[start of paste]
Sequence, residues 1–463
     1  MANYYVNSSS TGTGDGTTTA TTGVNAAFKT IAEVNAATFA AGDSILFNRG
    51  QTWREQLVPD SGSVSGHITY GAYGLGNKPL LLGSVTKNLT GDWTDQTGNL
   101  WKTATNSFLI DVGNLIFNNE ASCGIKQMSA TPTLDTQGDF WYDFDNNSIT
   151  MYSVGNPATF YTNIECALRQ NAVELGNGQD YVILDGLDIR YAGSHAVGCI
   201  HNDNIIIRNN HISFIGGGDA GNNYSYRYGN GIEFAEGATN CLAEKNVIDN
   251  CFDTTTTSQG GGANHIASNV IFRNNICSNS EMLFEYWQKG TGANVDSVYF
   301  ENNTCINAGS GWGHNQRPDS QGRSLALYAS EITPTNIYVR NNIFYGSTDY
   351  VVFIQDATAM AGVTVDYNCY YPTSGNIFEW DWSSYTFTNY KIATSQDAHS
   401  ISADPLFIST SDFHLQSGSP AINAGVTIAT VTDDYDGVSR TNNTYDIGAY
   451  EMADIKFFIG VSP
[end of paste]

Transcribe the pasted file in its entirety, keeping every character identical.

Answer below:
Sequence, residues 1–463
     1  MANYYVNSSS TGTGDGTTTA TTGVNAAFKT IAEVNAATFA AGDSILFNRG
    51  QTWREQLVPD SGSVSGHITY GAYGLGNKPL LLGSVTKNLT GDWTDQTGNL
   101  WKTATNSFLI DVGNLIFNNE ASCGIKQMSA TPTLDTQGDF WYDFDNNSIT
   151  MYSVGNPATF YTNIECALRQ NAVELGNGQD YVILDGLDIR YAGSHAVGCI
   201  HNDNIIIRNN HISFIGGGDA GNNYSYRYGN GIEFAEGATN CLAEKNVIDN
   251  CFDTTTTSQG GGANHIASNV IFRNNICSNS EMLFEYWQKG TGANVDSVYF
   301  ENNTCINAGS GWGHNQRPDS QGRSLALYAS EITPTNIYVR NNIFYGSTDY
   351  VVFIQDATAM AGVTVDYNCY YPTSGNIFEW DWSSYTFTNY KIATSQDAHS
   401  ISADPLFIST SDFHLQSGSP AINAGVTIAT VTDDYDGVSR TNNTYDIGAY
   451  EMADIKFFIG VSP